Navy breaks ground on laser weapons test lab in California

U.S. Navy officials and the owner of Harper Construction, which will build the Directed Energy Systems Integration Laboratory, pictured at a May 5 groundbreaking for the lab. Photo by Dana White/U.S. Navy
U.S. Navy officials and the owner of Harper Construction, which will build the Directed Energy Systems Integration Laboratory, pictured at a May 5 groundbreaking for the lab. Photo by Dana White/U.S. Navy

May 7 (UPI) -- Navy leaders and private contractors broke ground this week on what will become the fleet's only dedicated facility to test, fire and evaluate complete laser weapon systems in a maritime environment, Naval Sea Systems Command announced on Thursday.

The Directed Energy Systems Integration Laboratory is projected to open in roughly a year along the Point Mugu Sea Range near Naval Base Ventura County in California.


"The value of the Point Mugu Sea Range is that you can put a facility of this nature right on the coastline and it can operate in the sea range, and take advantage of that testing capability," Thomas Dowd, range department director of Naval Air Warfare Center Weapons Division, Naval Air Systems Command, said Tuesday during the small groundbreaking ceremony. "The decision to build it here is a recognition of the value of the partnership we have between location, geography, maritime environment and engineering talent at the two centers."


The facility is intended to recreate as realistically as possible how High Energy Laser weapons behave on a Navy ship platform, and will help establish how conditions like moisture, humidity, salt, fog, differing air densities and temperature will affect laser performance.

Lab staff will also test how ships' systems power and cool the energy-intense weapons, and will test them by shooting at targets on the sea range and air over the range.

"This lab is a great win for the Navy, and it further affirms that even during a crisis, the Navy and NAVSEA have been -- and continue to be -- open for business, executing our mission," said Capt. Ray Acevedo, commanding officer of Naval Surface Warfare Center, Port Hueneme Division.

This year, the Navy has announced multiple deals and developments related to laser weapons. Lockheed Martin was awarded a a $22.4 million deal in March for work on a Layered Laser Defense system prototype on board a littoral combat ship, and the installation of an Optical Dazzling Interdictor, Navy, or ODIN, on the Arleigh Burke-class guided missile destroyer USS Dewey in February.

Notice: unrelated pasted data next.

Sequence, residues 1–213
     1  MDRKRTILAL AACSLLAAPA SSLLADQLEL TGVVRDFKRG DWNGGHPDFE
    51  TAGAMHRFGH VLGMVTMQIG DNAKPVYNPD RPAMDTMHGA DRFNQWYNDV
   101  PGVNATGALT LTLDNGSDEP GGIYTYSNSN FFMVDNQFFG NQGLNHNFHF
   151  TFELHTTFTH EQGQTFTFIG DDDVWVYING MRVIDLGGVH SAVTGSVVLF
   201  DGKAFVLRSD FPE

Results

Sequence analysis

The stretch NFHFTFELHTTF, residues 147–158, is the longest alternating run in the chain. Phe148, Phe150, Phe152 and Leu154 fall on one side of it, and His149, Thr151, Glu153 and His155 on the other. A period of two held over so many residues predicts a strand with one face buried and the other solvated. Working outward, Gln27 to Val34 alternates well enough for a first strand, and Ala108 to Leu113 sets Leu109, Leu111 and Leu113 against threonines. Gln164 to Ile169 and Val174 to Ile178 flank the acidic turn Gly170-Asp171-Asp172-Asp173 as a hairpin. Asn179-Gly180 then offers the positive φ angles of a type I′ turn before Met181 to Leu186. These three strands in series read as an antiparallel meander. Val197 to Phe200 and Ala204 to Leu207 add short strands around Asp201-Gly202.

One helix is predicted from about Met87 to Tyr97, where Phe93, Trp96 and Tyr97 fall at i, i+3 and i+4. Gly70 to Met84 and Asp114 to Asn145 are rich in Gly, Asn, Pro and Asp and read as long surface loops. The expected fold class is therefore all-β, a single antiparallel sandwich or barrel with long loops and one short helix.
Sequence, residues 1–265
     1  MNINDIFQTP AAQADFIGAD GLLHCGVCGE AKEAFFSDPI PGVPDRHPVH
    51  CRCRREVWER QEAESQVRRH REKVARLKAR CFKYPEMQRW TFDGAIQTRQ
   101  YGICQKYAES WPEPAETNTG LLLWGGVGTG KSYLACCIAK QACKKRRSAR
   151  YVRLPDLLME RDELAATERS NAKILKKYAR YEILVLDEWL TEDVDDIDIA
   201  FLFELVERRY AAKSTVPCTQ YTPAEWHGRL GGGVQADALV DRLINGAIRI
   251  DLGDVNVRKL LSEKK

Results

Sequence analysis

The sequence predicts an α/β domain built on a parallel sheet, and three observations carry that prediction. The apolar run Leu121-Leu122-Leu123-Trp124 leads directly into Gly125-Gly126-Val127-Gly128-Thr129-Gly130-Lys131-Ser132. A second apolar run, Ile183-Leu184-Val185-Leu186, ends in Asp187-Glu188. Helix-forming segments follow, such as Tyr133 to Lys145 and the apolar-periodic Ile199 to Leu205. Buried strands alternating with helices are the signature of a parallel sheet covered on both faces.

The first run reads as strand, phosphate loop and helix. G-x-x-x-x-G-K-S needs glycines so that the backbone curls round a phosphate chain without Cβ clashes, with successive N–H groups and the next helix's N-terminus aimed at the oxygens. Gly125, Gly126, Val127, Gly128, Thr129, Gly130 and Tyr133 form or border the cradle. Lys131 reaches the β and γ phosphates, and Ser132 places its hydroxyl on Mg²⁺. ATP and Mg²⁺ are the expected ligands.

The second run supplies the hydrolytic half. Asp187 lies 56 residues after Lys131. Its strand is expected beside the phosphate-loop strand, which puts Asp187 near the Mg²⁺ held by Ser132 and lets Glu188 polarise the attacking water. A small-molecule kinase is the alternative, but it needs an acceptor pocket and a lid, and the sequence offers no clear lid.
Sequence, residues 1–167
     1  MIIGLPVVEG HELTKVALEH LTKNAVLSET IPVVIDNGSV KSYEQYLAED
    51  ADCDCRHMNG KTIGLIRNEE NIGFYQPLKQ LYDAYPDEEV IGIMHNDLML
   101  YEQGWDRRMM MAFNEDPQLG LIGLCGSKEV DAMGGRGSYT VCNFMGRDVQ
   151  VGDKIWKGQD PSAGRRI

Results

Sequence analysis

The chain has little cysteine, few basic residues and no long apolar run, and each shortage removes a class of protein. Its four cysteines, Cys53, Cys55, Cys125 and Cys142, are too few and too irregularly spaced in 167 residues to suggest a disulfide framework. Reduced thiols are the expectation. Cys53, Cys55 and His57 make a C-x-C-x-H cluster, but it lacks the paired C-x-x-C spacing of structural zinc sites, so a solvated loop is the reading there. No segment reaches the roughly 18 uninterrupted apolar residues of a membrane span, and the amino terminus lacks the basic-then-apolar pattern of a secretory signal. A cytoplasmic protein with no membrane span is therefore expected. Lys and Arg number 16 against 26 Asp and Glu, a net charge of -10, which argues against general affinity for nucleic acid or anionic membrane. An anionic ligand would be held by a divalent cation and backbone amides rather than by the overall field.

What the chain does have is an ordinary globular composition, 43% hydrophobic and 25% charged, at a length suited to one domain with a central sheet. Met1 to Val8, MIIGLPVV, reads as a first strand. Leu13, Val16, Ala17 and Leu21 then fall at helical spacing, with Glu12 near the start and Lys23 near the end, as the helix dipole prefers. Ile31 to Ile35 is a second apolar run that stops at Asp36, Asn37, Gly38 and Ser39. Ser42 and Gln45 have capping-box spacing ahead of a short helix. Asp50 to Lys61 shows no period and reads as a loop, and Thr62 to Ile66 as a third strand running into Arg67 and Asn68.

In March, Lockheed also announced it had completed a critical design review for the High Energy Laser with Integrated Optical-dazzler and Surveillance, or HELIOS, system.


"What's happened is that in the last five to 10 years, there's been a revolution in laser technology," Rob Afzal, a senior fellow at Lockheed Martin Rotary and Mission System, told UPI.

Previous laser weapons were incredibly powerful -- but too large and heavy to transport in a way that would make them useful in combat, Afzal said.

The tipping point was the development of fiber lasers, which use fibers dipped in rare earth elements and are much more stable and powerful than other lasers.

"That's what really started to push up the power lasers," David Stoudt, a senior executive advisor with Booz Allen Hamilton and former Navy engineer, told UPI.

The estimated cost of the lab, which will be built by Harper Construction Co. Inc., of San Diego, is roughly $23 million.

Navy in-service engineering agents, or ISEA, for ship-based combat and laser systems will operate DESIL, enabling the lasers to support the fleet as crucial components of the Navy's maritime superiority strategy.

"The ISEA engineers will recreate issues, and investigate engineering issues for deployed DE-installed ships, and use the lab as a test range asset," said Marcos Gonzalez, project lead for DESIL. "DESIL could also bring in industry-developed versions of lasers, and developers could perform firing exercises on the test range."


The range may also be made open to others in the directed energy community, such as university researchers, Gonzalez said.

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